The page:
In my new job at Assurity Consulting I've been looking at some large builds. Some that take 6 hours or more to run in the Continuous Integration Server. There's a fairly random mix of Ant, Maven and good old shell. The last few days I spent some time diving into the details of a fairly large Ant build.
I've been using a combination of three techniques to analyze where the time is being spent in this build:
- Analysis by inspection.
- Analysis of "ant -d" output.
- Ant Profiler.
There are a number of files and many tasks and targets in this build, and I haven't been able to walk through the entire thing yet. But by browsing through "interesting" parts, I have been able to find out some significant things about the build.
For example, the build makes extensive use of <antcall>. Sometimes people use <antcall> when they don't understand the correct usage of "depends" on Ant targets. In this build, many of the <antcall> usages would be more appropriately done with <macrodef>. <antcall> is inefficient to use on targets within the same build file, because it reparses and copies properties. Please learn to use <macrodef> with Ant. It is your friend.
To extract some data about the Ant build as a whole, I ran it with "ant -d". On this particular build, it generates 600,000 lines of output. Again, a lot of detail.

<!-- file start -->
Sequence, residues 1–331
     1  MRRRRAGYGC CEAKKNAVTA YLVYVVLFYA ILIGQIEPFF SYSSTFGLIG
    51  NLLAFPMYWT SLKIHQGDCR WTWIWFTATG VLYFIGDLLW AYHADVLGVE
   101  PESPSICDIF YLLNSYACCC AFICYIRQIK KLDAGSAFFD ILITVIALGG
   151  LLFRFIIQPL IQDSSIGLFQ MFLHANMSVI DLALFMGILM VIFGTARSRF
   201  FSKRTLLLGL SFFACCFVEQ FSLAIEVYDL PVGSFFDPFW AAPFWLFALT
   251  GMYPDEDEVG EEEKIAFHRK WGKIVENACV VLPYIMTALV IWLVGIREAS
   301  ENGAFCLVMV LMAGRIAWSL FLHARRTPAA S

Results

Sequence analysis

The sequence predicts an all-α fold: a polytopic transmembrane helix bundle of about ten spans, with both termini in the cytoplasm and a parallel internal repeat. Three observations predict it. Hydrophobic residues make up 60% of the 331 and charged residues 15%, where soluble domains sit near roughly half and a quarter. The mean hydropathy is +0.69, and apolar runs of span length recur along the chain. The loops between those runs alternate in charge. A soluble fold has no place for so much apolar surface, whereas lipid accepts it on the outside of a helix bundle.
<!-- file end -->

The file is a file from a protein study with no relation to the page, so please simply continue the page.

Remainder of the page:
With some shell piping we can see potential areas of duplication, or work being repeated:
ant -d >ant.debug.out sort ant.debug.out | uniq -c | sort -nr | head
For example, we can see whether certain Java source files are compiled more than once during the build:
egrep "^ *\\[javac\\]" ant.debug.out | sort | uniq -c | sort -nr | less
In this case I found that some classes are compiled twice, three, four or five times. Unfortunately, not enough classes to make a large difference to the build time, but still ...
Finally, I found a great Ant profiler called antro. This profiler is really neat. It is completely non-invasive. It uses the Ant listeners feature, and can be run like this to analyze a build:
ant -listener ru.jkff.antro.ProfileListener -lib ~/antro/antro.jar build.xml
This generates a JSON file, which can then be loaded into the profiler's GUI. The GUI is run simply with:
java -jar antro.jar
What could be simpler?
It provides a tree view of the build times, where you can drill down into any node and explore the detail. Using this tool it's easy to get a bird's eye view of the build time breakdown, as well as drill into areas of interest. For example, I was able to assess the overhead of <antcall> by looking at some of those nodes. Unfortunately, there seems to be no way to see the total number or overhead for a single task type such as <antcall> across the whole build. I was able to find the total number of <antcall>s (not the times though) from the "ant -d" output. This allowed me to estimate the total time overhead of <antcall> for this build.